I have worked in LTC/Sub Acute it seems like forever.....I have been a Charge Nurse and Supervisor. My charge nurse position was Moreso ......never a Nurse manager.....but after over 17 years of experience, I had gotten an interview for a DON position at an Assisted Living facility.......
I would like to know some pointers on what they may possibly ask at these interviews...I was told it will be about 3-4 people interviewing me.......what can I expect?
May 14, '13
They may ask you about managing FTE's...do you send folks home when you're overstaffed? Talk about a time where you had to discipline a subordinate. Licensing issues...what did you learn going through the last JCAHO inspection or CMS or whatever....How do you manage risk, how do you track quality indicators and who you benchmark against? Why do you think you are qualified to be a DON?
May 15, '13
I was asked about prior budgeting experience. In all likelihood you will have a major role in developing an annual budget, at least for the medical side of the operation. You might also expect hypothetical situation questions about resolving acute personnel decisions, conflicts with doctors, conflicts with family members, etc.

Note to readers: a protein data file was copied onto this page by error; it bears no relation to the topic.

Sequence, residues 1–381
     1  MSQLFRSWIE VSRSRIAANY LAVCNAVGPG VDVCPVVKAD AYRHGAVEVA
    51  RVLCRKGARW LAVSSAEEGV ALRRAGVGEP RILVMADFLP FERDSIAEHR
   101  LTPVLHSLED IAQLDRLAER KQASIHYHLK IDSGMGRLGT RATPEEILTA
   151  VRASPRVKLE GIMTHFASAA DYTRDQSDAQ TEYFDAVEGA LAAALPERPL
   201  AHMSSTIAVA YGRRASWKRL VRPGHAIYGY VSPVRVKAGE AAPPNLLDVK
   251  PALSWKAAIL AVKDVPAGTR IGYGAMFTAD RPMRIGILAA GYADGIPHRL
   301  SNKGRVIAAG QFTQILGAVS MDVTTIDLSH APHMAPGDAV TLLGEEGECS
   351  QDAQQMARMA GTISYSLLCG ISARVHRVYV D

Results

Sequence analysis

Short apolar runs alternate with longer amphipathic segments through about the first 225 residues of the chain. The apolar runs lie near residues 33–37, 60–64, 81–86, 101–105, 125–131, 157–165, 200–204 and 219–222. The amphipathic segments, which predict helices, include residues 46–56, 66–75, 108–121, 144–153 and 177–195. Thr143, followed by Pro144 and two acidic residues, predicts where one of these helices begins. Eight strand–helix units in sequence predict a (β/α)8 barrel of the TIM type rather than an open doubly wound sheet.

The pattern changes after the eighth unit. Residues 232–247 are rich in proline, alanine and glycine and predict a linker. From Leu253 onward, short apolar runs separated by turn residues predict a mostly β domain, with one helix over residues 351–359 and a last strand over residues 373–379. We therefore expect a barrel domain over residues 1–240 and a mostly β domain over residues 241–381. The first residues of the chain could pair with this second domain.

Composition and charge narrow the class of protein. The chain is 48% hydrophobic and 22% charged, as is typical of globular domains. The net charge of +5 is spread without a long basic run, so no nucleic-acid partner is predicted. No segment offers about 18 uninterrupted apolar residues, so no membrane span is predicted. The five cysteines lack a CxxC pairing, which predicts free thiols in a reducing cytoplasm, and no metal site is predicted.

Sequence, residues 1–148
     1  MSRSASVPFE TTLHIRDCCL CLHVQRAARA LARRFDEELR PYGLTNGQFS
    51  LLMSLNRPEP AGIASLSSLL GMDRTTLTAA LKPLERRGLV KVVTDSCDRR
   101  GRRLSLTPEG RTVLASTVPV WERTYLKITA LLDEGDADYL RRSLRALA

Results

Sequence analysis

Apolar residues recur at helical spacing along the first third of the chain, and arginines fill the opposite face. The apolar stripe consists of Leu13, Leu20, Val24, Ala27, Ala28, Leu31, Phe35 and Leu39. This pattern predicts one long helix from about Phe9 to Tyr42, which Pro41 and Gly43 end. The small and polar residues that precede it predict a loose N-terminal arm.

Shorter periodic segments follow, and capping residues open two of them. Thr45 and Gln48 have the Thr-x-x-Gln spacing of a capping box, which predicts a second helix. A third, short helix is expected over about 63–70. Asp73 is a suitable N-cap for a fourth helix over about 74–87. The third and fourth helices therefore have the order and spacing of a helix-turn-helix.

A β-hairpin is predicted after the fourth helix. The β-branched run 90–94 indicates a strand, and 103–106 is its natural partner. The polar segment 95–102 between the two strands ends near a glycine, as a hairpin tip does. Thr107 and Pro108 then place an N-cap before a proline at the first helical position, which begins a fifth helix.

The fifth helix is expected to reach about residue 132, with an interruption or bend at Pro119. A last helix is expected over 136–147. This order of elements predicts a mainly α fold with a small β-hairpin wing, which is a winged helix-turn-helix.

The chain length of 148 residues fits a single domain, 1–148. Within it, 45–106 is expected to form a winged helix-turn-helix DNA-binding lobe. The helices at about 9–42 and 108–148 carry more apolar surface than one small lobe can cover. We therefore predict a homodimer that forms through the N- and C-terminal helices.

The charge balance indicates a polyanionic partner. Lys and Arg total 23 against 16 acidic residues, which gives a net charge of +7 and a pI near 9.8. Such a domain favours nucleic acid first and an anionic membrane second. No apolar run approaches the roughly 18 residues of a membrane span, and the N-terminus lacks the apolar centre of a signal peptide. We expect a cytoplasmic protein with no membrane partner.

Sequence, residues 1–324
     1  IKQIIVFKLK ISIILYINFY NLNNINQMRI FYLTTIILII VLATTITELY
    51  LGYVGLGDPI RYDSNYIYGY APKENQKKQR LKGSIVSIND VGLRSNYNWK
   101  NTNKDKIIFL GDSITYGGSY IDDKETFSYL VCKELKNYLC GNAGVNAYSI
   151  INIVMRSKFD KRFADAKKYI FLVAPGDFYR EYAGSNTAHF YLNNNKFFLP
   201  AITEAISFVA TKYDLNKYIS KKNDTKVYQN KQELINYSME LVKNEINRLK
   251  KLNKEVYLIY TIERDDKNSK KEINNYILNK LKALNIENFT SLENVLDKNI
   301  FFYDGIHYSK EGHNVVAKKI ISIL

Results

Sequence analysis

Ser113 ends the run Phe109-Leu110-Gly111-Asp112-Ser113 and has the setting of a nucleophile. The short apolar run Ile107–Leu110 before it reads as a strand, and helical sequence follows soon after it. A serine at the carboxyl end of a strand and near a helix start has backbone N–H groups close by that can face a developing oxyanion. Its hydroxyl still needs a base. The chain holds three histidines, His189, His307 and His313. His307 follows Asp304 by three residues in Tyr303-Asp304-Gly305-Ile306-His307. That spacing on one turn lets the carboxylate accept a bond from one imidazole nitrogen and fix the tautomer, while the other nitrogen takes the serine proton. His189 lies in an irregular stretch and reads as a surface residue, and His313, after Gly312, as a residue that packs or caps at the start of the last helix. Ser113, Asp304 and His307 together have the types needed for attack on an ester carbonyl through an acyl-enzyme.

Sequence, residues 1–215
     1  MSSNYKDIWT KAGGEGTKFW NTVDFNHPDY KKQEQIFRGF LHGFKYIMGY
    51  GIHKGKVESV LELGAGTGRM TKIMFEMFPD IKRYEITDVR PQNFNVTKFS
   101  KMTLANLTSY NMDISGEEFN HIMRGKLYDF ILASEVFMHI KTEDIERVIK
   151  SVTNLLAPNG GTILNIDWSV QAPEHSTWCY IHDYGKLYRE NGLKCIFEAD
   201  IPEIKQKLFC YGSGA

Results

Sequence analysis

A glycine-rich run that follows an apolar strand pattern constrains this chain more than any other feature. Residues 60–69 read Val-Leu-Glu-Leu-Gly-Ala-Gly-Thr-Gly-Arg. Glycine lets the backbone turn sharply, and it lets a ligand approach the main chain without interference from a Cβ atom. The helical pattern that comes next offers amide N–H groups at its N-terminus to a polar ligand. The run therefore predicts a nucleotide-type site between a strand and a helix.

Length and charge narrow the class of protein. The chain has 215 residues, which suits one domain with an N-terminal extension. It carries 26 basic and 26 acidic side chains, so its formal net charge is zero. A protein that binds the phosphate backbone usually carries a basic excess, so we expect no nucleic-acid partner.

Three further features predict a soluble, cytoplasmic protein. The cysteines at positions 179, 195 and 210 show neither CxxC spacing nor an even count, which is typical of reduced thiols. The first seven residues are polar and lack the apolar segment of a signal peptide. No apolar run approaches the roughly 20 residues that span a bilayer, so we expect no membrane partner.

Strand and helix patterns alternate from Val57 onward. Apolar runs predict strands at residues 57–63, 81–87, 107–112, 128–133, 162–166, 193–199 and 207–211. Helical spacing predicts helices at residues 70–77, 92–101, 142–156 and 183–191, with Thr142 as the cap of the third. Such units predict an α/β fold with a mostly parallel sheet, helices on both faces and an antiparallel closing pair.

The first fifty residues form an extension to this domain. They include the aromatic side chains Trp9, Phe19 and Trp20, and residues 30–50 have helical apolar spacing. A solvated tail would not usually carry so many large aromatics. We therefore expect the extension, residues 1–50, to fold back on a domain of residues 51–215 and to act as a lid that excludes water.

One of the questions on our interviews regards the response when an employee does something outside of the scope of practice after being previously instructed about it.
We also ask about problem solving methods. Although this one should be pretty straighforward, some of the answers we get are pretty bizarre. Identify the problem, develop a solution, apply the solution and analyze the results. Some also add the step of notifying a superior if this doesn't work.
Some general advice, which a lot of our interviewees often don't heed: Answer the question clearly and concisely, then stop talking. More applicants than I can tell you have talked their way out of an employment offer with information they freely volunteered while trying to fill the time between questions. The interviewers will be making notes regarding your answers, so resist the temptation to fill the silence.